• Libraries including (but not limited to): libgmp6, libffi, openssl, glibc

Optional dependencies include:

  • etcd, for local testing involving service discovery
  • gnuplot, for visualizing local benchmarks


We require:

  • Packer, for building machine images
  • Terraform, for managing cloud deployments
  • Python (3.8), for running the experiment scripts
  • Python dependencies (in experiments/requirements.txt; venv advised)

For the final numbers (including metadata, code count, etc.) we require:

  • cURL: for pulling data from a couple of places
  • AWS CLI (v2): for instance type data (cores, RAM, etc.)
  • Tokei: for lines-of-code count

Usage: Spectrum binaries

Throughout, use --help to see parameters.

We provide client, viewer, worker, leader, publisher, and setup binaries, roughly as described in the design document. These are relatively complicated to use together, so we recommend using the experiment scripts for evaluation and below methods for local testing.

For local development, the primary entry point is cargo run --bin run_inmem, which will run all of the parties in the protocol in-memory.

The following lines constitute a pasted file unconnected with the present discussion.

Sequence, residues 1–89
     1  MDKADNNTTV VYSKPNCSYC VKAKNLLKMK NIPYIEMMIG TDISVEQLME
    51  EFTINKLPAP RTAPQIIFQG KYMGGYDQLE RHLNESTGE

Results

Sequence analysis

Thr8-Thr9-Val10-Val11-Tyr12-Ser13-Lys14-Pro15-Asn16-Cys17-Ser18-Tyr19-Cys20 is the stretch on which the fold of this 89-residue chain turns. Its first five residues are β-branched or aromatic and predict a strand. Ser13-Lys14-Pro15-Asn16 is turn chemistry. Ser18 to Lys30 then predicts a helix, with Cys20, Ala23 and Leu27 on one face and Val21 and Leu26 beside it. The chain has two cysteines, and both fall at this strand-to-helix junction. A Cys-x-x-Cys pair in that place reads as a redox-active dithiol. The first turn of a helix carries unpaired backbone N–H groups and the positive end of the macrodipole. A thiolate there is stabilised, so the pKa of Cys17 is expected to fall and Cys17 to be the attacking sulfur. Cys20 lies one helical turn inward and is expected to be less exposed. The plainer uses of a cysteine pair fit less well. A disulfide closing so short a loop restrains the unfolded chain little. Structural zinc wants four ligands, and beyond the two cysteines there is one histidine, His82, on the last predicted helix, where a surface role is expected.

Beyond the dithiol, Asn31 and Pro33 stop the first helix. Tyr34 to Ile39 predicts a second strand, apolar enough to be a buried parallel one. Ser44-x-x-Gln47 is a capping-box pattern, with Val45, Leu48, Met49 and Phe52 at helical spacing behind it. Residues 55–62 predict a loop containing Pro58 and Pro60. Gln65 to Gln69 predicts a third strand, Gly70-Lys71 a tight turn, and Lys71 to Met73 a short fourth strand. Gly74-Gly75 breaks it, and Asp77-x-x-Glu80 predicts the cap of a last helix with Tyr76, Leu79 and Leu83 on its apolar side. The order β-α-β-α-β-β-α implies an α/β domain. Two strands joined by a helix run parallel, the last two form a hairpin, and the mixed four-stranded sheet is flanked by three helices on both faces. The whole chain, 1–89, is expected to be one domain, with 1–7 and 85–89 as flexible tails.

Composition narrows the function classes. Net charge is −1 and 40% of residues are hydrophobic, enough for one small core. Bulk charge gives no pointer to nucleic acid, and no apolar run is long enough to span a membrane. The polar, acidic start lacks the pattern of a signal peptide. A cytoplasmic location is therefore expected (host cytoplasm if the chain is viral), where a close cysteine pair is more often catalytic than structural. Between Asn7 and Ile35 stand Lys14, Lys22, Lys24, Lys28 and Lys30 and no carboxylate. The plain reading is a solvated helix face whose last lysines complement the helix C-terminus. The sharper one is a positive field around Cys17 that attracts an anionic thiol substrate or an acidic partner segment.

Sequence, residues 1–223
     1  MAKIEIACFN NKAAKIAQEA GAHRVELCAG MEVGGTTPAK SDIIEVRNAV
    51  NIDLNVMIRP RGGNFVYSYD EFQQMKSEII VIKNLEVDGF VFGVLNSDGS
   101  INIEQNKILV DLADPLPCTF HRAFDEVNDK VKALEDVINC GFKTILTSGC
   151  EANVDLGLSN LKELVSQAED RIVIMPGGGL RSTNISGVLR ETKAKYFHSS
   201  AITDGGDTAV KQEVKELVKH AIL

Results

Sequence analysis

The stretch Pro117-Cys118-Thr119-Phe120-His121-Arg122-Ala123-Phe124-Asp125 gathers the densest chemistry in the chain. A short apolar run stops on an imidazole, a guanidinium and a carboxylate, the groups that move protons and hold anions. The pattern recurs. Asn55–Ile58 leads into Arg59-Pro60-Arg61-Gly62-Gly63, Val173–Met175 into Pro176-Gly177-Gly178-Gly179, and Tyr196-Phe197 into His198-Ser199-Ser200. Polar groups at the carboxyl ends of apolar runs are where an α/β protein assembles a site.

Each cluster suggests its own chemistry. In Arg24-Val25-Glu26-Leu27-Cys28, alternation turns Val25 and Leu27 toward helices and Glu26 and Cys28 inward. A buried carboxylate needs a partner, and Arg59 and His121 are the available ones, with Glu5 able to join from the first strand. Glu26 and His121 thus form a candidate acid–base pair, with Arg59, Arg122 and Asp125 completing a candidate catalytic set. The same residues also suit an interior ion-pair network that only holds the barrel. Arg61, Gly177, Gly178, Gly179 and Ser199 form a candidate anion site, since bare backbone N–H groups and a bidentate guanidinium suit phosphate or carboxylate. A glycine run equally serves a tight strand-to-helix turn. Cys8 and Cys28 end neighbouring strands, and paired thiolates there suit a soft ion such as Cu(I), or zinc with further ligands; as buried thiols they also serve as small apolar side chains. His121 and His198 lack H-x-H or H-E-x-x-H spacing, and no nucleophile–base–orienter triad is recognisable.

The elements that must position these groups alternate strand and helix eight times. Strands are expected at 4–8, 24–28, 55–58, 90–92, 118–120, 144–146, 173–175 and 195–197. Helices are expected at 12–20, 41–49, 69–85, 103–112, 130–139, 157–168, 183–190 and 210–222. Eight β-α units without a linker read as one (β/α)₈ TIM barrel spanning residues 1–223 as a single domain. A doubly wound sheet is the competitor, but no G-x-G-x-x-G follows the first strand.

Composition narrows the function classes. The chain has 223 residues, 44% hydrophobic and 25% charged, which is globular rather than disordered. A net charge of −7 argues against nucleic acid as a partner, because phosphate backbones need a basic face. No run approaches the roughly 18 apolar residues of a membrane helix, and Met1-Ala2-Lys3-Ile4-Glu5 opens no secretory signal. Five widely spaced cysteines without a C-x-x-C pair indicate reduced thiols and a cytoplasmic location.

We can run some quick local tests of the whole system (including local TCP connections) with cargo run --bin run_processes. This requires some setup:

  • It will take care of running etcd for you, but you need an etcd binary on your $PATH.
  • Set $SPECTRUM_BIN_DIR to point to a directory containing compiled Spectrum binaries.

Make sure to use --release, and maybe set ulimit -n 8192 if you're attempting to run larger scale tests. We also provide an entry point for more structured local testing. By default, this runs some hard-coded parameters, but we accept arbitrary inputs in CSV format:

$ cat input.csv
$ cargo run \
      --release \
      --bin local_experiments \
      -- \